The AP has an interesting piece on the difficulties facing year-round food markets dedicated to locally grown stuff. Snippets:
In colder climates, it's virtually impossible to maintain a year-round flow of locally grown fruits and vegetables. That means that produce dwindles or has to be trucked in from far away—which goes against the locally grown ideal.
Public markets have also struggled to find a balance between selling raw ingredients and prepared food. Fresh produce, meat, fish, dairy and poultry distinguish a market from a food court. But Americans are geared toward a grab-and-go system, and prepared food is enticing to vendors because it has a far higher profit margin.
"If you go to a public market in Europe or Latin America, it is very difficult to find something to shove in your face and eat," said Wendy Baumann, who was one of the founders of the Milwaukee Public Market, which has weathered significant vendor turnover since it opened in 2005 and now emphasizes prepared foods. "You can't be all to all."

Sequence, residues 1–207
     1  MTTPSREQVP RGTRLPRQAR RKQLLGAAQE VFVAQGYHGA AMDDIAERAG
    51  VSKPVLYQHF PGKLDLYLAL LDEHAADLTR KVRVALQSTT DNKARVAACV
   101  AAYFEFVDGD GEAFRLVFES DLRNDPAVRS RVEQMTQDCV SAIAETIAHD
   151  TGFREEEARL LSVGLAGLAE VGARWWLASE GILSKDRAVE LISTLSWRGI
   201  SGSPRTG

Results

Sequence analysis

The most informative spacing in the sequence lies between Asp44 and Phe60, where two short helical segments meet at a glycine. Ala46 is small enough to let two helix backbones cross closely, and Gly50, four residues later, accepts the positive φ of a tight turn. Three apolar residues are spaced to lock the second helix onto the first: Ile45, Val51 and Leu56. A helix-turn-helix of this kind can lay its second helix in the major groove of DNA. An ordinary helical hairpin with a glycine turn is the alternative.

The nationwide growth of seasonal, outdoors farmers' markets, which in most climates run from early spring until mid-fall, provide fierce competition for customers and vendors.
"All the good vendors are already stretched thin," said Charlie Hertel, who was selling heaps of luscious late-summer peppers and melons from his Forest Grove, Ore., farm at a recent farmers' market in downtown Portland. "And as I read the mission, customers are attending the market to meet the farmer, not a middleman."…
Markets can't have too many handicrafts vendors, he said, because they create a flea-market feel.
Thank god for supermarkets. And the UglyRipe Tomato!
Ron Bailey recalls life on the farm while attending to Barbara Kingsolver's phoney-(organic) baloney idyll about eating only what you grow.
Neil Steinberg on a week of eating dangerously.